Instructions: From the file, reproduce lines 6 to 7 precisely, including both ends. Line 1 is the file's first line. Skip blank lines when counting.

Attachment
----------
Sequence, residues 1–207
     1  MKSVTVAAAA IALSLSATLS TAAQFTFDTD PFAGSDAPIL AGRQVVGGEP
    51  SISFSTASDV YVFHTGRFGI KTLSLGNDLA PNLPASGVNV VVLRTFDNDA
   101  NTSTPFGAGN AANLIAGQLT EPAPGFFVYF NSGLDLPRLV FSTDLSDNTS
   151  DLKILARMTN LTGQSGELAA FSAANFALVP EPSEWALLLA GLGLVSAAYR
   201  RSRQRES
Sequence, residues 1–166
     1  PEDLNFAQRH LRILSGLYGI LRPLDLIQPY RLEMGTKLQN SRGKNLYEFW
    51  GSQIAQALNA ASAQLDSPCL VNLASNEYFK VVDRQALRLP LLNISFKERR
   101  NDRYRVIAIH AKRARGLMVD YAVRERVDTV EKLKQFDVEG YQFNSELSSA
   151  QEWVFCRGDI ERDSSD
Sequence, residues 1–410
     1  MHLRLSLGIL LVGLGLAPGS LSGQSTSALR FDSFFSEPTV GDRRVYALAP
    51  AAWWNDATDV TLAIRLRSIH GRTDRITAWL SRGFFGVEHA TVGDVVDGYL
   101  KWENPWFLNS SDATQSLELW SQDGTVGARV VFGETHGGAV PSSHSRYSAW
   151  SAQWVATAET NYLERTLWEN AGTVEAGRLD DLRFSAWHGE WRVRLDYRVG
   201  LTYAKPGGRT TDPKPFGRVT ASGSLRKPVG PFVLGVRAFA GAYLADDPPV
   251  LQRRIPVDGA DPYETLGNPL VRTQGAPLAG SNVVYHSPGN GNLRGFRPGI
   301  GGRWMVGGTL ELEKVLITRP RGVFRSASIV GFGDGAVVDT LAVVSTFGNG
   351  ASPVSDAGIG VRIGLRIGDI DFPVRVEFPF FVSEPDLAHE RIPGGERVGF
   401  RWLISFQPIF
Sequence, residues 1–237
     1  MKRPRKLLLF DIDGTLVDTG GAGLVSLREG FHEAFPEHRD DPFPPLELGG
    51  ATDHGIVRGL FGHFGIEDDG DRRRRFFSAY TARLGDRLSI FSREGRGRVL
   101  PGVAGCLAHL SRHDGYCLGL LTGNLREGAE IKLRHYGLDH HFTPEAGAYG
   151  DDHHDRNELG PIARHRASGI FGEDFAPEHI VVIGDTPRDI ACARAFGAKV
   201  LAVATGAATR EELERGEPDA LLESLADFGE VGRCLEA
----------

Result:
   201  RSRQRES
Sequence, residues 1–166